Recycling@UM - Recycling at University of Maryland
Recycling@UM will consolidate recycling information and provide for a one-stop place for everything about how, what, and where to recycle in and around the University of Maryland, College Park campus.
This page will focus on the user needs: tasks, scenarios, and references.
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The interface of the application will be geared toward helping its users easily identify, locate, and learn contact information of various recycling sites around a user entered: address / selected location, distance, and / or type of recycling. One of the foremost features of the interface – Recycling Site Locator – will utilize the capabilities of the Google Maps, and allow users to visually locate site(s) that recycle user specified item(s).
The system will not require any authentication and authorization capabilities; thus, users will not be required to register with the system before its use. Anonymous users of this system will consist primarily of UM students and faculty, the target audience. The absence of user authentication improves the user experience as remembering username and password combinations is often an arduous task.
The users will be presented with a plethora of information specifically dedicated to recycling what’s, how’s, and where's. Criteria based searching will be an important feature, allowing users to jump quickly to the desired topic. By leveraging the map browsing offered by the Google Maps API, application users will have the ability to intuitively traverse a general area or specific address.
The interface will provide HTML forms for entering an address, item(s) to recycle, or both, to help to users locate the recycling centers that most closely reflect user entered criteria.
The overall application’s GUI will facilitate recycling by providing a clear and intuitive, not overly bloated, elegant user interface. To accomplish these goals, the interface will convey its functionality via logical structure of user forms, some form auto completion (for addresses, for example), pleasing colors, legible fonts, and smooth page transitions.
We would like users to be able to submit their own content, thereby enhancing the application with the newest information (for example: new recycling locations). This user submitted content will prove helpful to other users. The users will be able to leave feedback and rate different recycling sites. This capability should allow for singling out those sites that are particularly helpful or perhaps those that are difficult to use.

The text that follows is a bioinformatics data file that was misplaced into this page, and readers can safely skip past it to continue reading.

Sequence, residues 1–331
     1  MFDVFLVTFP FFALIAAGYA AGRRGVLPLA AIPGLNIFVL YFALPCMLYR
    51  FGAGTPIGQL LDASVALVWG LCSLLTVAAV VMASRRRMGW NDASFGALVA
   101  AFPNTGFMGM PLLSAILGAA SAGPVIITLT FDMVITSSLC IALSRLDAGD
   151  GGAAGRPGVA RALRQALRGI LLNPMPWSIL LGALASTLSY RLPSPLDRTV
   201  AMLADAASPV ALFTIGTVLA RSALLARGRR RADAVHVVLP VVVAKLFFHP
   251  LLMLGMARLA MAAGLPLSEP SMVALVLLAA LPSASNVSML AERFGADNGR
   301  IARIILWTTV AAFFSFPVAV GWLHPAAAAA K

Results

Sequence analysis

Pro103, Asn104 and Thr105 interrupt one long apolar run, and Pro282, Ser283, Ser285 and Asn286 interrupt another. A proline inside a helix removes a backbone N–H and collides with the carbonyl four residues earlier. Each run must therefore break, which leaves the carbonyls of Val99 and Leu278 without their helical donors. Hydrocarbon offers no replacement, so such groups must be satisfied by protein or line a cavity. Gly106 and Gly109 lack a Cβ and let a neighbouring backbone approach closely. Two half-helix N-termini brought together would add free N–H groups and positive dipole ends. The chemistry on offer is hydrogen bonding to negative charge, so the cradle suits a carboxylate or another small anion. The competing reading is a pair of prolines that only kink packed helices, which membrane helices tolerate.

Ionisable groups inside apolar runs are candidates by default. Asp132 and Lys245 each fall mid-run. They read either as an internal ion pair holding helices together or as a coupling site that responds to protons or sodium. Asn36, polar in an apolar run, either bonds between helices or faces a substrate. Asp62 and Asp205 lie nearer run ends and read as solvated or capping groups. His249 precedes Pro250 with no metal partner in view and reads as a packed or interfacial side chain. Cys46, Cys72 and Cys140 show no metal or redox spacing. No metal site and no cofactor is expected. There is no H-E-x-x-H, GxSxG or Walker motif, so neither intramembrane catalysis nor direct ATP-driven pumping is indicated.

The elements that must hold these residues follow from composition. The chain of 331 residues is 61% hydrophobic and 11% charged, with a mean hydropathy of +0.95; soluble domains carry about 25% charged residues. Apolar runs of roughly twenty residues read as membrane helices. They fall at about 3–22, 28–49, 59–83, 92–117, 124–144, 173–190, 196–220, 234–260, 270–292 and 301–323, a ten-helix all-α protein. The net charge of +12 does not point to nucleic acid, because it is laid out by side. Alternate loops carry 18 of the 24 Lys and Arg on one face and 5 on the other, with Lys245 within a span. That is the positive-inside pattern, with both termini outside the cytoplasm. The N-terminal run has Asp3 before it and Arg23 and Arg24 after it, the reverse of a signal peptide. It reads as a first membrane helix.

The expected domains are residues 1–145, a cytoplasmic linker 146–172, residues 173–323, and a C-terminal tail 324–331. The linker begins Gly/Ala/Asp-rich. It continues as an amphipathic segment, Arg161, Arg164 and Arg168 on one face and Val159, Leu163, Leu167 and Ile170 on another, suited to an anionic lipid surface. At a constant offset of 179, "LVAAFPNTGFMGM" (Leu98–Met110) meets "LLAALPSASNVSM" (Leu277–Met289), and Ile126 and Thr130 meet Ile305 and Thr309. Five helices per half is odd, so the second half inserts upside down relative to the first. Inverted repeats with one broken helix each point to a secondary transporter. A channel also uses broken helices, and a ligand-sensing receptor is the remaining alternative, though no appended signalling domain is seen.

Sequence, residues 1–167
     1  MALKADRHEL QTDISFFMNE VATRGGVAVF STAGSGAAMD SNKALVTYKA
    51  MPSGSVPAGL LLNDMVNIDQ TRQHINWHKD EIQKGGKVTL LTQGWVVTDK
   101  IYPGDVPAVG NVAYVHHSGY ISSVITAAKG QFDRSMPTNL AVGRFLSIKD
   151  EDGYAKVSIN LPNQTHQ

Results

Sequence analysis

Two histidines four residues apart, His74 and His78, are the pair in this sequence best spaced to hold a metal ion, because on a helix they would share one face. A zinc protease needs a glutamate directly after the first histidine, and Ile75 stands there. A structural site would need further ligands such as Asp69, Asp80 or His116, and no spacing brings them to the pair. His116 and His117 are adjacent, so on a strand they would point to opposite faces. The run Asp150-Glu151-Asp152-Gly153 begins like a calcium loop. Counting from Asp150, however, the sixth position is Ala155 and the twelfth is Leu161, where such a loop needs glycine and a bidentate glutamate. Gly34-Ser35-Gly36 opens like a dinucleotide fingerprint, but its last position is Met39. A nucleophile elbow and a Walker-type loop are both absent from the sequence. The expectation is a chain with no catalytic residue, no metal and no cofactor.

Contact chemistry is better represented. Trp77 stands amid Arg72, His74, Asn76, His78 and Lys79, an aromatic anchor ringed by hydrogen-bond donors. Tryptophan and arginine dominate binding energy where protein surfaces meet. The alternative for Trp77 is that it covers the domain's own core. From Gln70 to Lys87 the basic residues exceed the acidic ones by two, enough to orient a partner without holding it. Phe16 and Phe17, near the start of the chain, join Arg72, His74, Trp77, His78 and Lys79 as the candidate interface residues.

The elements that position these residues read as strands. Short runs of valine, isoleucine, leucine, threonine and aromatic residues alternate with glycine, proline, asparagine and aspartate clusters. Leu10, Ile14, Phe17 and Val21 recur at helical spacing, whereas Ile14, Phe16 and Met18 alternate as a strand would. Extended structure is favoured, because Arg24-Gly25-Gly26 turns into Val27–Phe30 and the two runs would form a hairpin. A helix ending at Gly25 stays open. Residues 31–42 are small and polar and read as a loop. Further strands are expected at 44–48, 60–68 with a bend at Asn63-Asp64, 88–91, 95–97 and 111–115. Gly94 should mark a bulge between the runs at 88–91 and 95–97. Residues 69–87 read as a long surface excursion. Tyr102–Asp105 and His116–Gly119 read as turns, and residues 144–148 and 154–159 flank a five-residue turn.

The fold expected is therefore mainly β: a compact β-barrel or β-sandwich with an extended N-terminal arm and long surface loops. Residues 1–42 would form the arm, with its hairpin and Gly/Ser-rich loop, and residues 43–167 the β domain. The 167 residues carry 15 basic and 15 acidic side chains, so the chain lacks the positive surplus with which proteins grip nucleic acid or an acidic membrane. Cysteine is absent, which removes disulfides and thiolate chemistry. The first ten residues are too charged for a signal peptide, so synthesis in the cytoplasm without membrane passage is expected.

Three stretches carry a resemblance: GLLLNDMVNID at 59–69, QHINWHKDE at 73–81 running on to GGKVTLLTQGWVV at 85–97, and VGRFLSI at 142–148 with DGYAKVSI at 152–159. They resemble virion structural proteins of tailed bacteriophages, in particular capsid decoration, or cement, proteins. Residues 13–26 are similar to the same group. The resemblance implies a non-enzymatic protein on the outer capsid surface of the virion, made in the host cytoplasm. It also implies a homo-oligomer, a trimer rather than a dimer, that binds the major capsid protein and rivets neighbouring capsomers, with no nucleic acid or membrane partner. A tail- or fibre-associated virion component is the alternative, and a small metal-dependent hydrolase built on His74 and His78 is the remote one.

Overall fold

Users with different technical backgrounds should be able to effectively use the interface, since it will primarily be designed for a general user with limited Internet skills. This should help to keep the application usable for a wide enough audience of users to help with the application’s appeal and promoting valuable recycling habits among UM attendees.
User 'A' lives in a College Park apartment building right off campus. After one party he manages to collect over 100 beer cans in his apartment. 'A' wants to be responsible and recycle these beers cans but realizes that he has no idea where he can do that. He decides to try googling "recycling" and "umd" to see if he can quickly find a place to drop off these cans. The first link takes him to a website called Recycling@UM where he sees a familiar Google map of College Park. The user also sees a collection of picture icons with text and immediately clicks on the picture of an aluminum can. The map then displays all recycling locations that accept aluminum cans. He then has the option to put his address or select from a drop down list of popular buildings around the campus. Within 30 seconds of entering the site, user 'A' is provided with a list of places where he can drop off his beer cans along with their specific locations on a map of College Park. He picks the closest site and promptly recycles his beer cans.